Below is an update from the Royal Farms Opposition regarding the proposed Royal Farms gas station at Harford Road & Glenmore Ave in Glenham-Belhar to our north.


A group of neighborhood associations and individual residents of northeast Baltimore City have filed a zoning appeal to Baltimore City Circuit Court to block a proposed Royal Farms mega gas station, which would have 12 gas pumps and remain open 24 hours a day/7 days a week. The appeal was filed in July by attorney John C. Murphy, representing the associations.
            Royal Farms had requested a zoning variance to purchase a building at 5901 & 5915 Harford Road to build a new station, razing the exiting office building on the site in an established residential area. Five neighborhood associations in northeast Baltimore City—GlenHam/BelHar, Hamilton Hills, Lauraville, Westfield and Waltherson—voted at membership meetings to oppose the proposed megastation and filed an appeal to the Baltimore City Board of Municipal and Zoning Appeals (BMZA).
The original BMZA decision was made on April 2, 2013, when residents of the area packed the City Council chambers to argue against granting the zoning variation to Royal Farms. The residents, many of whom took time off from work to appear at the hearing, argued both about the strict application of the zoning code and about the general disruption and nuisance that the proposed megastation would create in the residential neighborhood. Residents stressed the location of the building, directly across the street from an Enoch Pratt library, at a dangerous 5-way intersection and challenged the proposed megastation, under the Zoning Code, for “the proximity of dwellings, churches, schools, public structures, and other places of public gathering.”
“This station is just bad all the way around,” said Julie Saylor, an irate resident of the area. “It’s right across the street from the library, it’s near public schools. We have set a goal of the Harford Road corridor to reduce auto traffic and emissions in favor of a walkable and family-friendly district—and the megastation ain’t it.”
With no discussion, the BMZA unanimously approved the zoning variance. A critical aspect of the hearing was City Councilman Robert Curran, who sent a letter to BMZA on the morning of the hearing endorsing the variance—even though all of the neighborhood associations had voted to oppose it—and who sat with the Royal Farms attorneys during the hearing and who testified at BMZA in favor of the megastation. At the August, 2012, meeting of the GlenHam/BelHar Association, Curran stated that he would support whatever the community supported. Curran declared personal bankruptcy in June 14, 2013.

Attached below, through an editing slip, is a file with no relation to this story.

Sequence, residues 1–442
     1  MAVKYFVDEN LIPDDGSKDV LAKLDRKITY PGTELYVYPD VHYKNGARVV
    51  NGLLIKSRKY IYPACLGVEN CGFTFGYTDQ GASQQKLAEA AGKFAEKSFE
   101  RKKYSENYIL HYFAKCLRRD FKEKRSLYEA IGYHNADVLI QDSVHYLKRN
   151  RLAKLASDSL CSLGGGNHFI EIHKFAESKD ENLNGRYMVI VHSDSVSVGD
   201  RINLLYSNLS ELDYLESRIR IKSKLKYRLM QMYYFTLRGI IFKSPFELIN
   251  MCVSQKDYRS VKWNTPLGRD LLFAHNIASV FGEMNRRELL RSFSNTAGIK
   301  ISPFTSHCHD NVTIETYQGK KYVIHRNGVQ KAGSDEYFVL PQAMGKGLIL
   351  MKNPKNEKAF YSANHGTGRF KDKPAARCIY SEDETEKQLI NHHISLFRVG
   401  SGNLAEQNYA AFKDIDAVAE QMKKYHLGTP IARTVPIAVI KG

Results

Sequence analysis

This court appeal has two important provisions:
1.      Contesting the decision itself      and
2.      Challenging the procedures of the BMZA, accusing the board of violating the state’s Open Meeting law when it issued a second Resolution on June 13, 2013, without a public hearing. The new appeal also claims that BMZA had no authority to issue a second resolution on June 3 when its initial decision was being appealed. The appeal also accuses the BMZA of “Ex Parte communications” violations (or for the layperson, speaking to one attorney/party without speaking to another party on issues relating to both).
Opponents of the proposed megastation note that under the new proposed zoning code for Baltimore City, a station of this size would not be allowed. Residents of the area testified at the meetings of the City Planning Commission against such stations and a representative of the Commission attended the hearing on April 2nd to inform the BMZA of the proposed changes, which will—in the future—block such a megastation in a residential area.
The protestors also note that Royal Farms has been involved in a series of “bad neighbor” legal cases. In May 2013, Royal Farms agreed to pay a penalty of $600,000.00 for fuel leaks from underground gas tanks in Rosedale and in Cecil County that contaminated drinking water systems.
In another incident, a Baltimore County Circuit Court jury awarded the owner of the Bengie’s Drive-In $838,000 in June, 2012, agreeing with his contention that lights from a neighboring Royal Farms convenience store were a nuisance that interfered with his business.
        In addition to the court appeal, residents of the surrounding neighborhoods have been picketing on Harford Road, marching down from the proposed site to the existing Royal Farms store at the corner of Harford Road and Echodale. The movement has also developed yards signs, bumper stickers and NoRoFo T-shirts and the members say that the response of people has been great. Several people turned away from the Royal Farms store after getting an explanation from the picketers about the proposed mega-station and there is a move to expand the picketing to other Royal Farms stores.
“We are not opposed to any development of Harford Road,” said Dell Hagen-Rhodes. “There are already too many vacancies but this type of megastation is not what we need. Royal Farms is opening a megastation out on Pulaski Highway and that’s where this kind of station belongs—not in a residential neighborhood. There are also a number of gas stations on Harford Road already, as well as an existing small Royal Farms store, so the proposed megastation adds zero to our area. In fact, it could close up some existing businesses and create more vacant storefronts. We don’t need that. ”

For more information, contact
Sheila Ebelein,
Roop Vijayan